Other than the manufacturing sector, the mining sector has shrunk by 1.6% during the period. The construction sector, another sector which has the potential to generate ‘huge’ jobs, grew by only 0.6%, after growing by 1%, during September to December 2012. Financing, insurance, real estate and business services did reasonably well and grew by 12.5%, and thus pushed up the overall economic growth by 4.7%.
In fact, things are worrying even when looks at the GDP from the expenditure point of view. The personal final consumption expenditure formed 61.5% of the total expenditure during the period. In September to December 2012, the PFCE had formed around 62.7% of the total expenditure. What this clearly tells us is that PFCE is not rising as fast as other expenditure. In fact, during the period, the PFCE rose by just 2.6% to Rs 9,81,463 crore in comparison to September to December 2012.
Interestingly, during the period September to December 2012, the PFCE had grown by 5.1%. What this clearly tells us is that people are going slow on personal expenditure. The reason for that is high inflation which has led to more and more money being spent on meeting daily expenditure. Hence, people are postponing all other expenditure and that has had an impact on economic growth. One man’s expenditure is another man’s income, after all.
This scenario has been playing out pretty much over the last few years. But P Chidambaram has continued to be optimistic.
In November 2013, he remarked “The second quarter GDP growth rate indicates that the economy may be recovering and is on a growth trajectory again.” In December 2013, he remarked “We are going through a period of stress, but there is ground for optimism. We expect things to become better.” In late December 2013, he remarked “I am confident that the greenshoots that are visible here and there will multiply and that the economy will revive, there will be an upturn in the second half of this year.” In January 2014, he remarked “ I am confident that Indian economy will also get back step by step to the high growth path in three years.” And in February 2014, after presenting the interim budget, he said “we will get back to the high growth path.”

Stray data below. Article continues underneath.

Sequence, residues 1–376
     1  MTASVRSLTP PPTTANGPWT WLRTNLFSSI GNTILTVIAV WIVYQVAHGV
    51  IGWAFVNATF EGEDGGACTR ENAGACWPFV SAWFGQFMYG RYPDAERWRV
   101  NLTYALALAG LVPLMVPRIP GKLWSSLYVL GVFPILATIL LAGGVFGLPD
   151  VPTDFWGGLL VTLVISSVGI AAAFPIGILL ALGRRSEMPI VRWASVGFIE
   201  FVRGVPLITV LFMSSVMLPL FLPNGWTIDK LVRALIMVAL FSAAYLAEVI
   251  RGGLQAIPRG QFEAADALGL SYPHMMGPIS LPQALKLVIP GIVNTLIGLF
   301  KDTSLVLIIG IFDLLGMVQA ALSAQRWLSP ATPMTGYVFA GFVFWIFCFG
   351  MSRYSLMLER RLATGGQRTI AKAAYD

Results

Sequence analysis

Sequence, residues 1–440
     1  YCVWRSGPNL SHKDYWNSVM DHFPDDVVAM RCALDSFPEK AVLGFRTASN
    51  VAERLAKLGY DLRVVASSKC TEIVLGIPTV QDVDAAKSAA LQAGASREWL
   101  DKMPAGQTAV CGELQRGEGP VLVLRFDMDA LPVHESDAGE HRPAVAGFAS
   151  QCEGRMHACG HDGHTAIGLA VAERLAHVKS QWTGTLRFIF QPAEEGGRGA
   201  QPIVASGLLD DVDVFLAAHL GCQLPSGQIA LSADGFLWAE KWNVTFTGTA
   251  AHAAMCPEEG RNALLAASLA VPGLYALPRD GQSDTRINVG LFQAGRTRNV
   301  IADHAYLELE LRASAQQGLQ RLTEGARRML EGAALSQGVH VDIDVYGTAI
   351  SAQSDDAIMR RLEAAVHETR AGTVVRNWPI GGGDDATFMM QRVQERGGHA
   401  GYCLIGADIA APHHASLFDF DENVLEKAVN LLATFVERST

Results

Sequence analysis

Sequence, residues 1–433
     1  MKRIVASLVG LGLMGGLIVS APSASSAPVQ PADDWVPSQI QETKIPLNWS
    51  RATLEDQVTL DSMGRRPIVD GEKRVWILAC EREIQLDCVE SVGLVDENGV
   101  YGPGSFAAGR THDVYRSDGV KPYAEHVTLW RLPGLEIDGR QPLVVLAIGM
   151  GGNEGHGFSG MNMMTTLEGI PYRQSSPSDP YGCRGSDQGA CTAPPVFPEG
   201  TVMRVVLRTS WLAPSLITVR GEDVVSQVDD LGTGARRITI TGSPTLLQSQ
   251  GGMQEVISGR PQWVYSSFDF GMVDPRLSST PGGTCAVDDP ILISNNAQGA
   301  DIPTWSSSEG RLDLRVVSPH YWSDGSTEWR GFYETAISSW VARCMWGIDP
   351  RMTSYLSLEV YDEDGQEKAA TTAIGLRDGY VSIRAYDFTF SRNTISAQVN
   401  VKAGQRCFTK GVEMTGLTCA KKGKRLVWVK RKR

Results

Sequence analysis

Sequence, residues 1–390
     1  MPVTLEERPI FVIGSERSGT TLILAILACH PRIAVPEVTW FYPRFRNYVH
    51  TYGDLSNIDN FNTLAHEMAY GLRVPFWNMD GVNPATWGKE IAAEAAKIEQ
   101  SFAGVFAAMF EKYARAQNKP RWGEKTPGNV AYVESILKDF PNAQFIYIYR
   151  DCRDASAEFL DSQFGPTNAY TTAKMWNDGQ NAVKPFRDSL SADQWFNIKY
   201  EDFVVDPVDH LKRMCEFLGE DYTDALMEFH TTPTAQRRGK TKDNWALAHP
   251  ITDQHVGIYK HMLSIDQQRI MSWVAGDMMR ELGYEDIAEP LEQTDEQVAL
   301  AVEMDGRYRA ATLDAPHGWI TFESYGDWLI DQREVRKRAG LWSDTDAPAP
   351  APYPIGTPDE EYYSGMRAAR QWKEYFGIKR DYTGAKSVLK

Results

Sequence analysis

At almost every given opportunity Chidambaram has told us that the economy is recovering, there are green shoots and that the second half of the year will be better than the first half. The GDP grew by 4.4% during April to June 2013 and by 4.8% during July to September 2013. And it grew by 4.7% during October to December 2013. So where is the economic recovery that Chidambaram has been talking about? And where are the green shoots? To me, it appears to be more of the same happening.
Chidambaram has also predicted that “India is likely to achieve an economic growth of between 5-5.5 percent in this fiscal year.” But with the GDP growth being less than 5% during the first three quarters of the year, achieving even 5% growth will be difficult. Let’s not even talk about achieving 5.5% growth.
To conclude, Chidambaram’s statements on economic growth, like the lyrics of Yo Yo Honey Singh’s songs should not be taken seriously at all and be taken with a pinch of salt. While one doesn’t expect a minister of the ruling coalition to be totally negative on the economy, but at least some honesty on what is happening on the economic front, would be nice. Now only, if Chidambaram was listening.
Or, is he, like me, and a lot of other people, busy listening to Yo Yo Honey Singh?
Char botal vodka, kaam mera roz ka…
The article originally appeared on www.FirstBiz.com on March 1, 2014
(Vivek Kaul is a writer. He tweets @kaul_vivek)